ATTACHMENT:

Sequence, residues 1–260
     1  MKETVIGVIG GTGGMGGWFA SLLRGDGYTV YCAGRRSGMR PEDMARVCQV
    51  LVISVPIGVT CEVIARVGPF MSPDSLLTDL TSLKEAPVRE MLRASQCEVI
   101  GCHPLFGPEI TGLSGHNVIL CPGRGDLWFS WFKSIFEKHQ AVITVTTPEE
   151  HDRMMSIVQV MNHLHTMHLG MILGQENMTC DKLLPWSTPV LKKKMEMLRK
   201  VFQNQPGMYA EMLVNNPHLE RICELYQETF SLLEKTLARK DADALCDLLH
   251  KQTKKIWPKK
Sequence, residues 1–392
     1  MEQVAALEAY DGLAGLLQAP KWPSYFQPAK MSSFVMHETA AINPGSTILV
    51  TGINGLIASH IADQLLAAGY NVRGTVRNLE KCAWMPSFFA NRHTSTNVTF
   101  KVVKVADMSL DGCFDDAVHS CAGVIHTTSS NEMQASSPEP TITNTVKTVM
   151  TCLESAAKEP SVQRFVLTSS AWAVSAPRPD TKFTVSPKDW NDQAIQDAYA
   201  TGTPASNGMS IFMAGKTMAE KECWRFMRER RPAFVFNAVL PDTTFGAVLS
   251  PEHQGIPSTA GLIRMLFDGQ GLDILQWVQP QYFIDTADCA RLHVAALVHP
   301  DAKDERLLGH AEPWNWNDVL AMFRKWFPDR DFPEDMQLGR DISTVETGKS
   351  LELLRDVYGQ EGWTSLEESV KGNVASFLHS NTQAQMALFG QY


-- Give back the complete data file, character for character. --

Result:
Sequence, residues 1–260
     1  MKETVIGVIG GTGGMGGWFA SLLRGDGYTV YCAGRRSGMR PEDMARVCQV
    51  LVISVPIGVT CEVIARVGPF MSPDSLLTDL TSLKEAPVRE MLRASQCEVI
   101  GCHPLFGPEI TGLSGHNVIL CPGRGDLWFS WFKSIFEKHQ AVITVTTPEE
   151  HDRMMSIVQV MNHLHTMHLG MILGQENMTC DKLLPWSTPV LKKKMEMLRK
   201  VFQNQPGMYA EMLVNNPHLE RICELYQETF SLLEKTLARK DADALCDLLH
   251  KQTKKIWPKK
Sequence, residues 1–392
     1  MEQVAALEAY DGLAGLLQAP KWPSYFQPAK MSSFVMHETA AINPGSTILV
    51  TGINGLIASH IADQLLAAGY NVRGTVRNLE KCAWMPSFFA NRHTSTNVTF
   101  KVVKVADMSL DGCFDDAVHS CAGVIHTTSS NEMQASSPEP TITNTVKTVM
   151  TCLESAAKEP SVQRFVLTSS AWAVSAPRPD TKFTVSPKDW NDQAIQDAYA
   201  TGTPASNGMS IFMAGKTMAE KECWRFMRER RPAFVFNAVL PDTTFGAVLS
   251  PEHQGIPSTA GLIRMLFDGQ GLDILQWVQP QYFIDTADCA RLHVAALVHP
   301  DAKDERLLGH AEPWNWNDVL AMFRKWFPDR DFPEDMQLGR DISTVETGKS
   351  LELLRDVYGQ EGWTSLEESV KGNVASFLHS NTQAQMALFG QY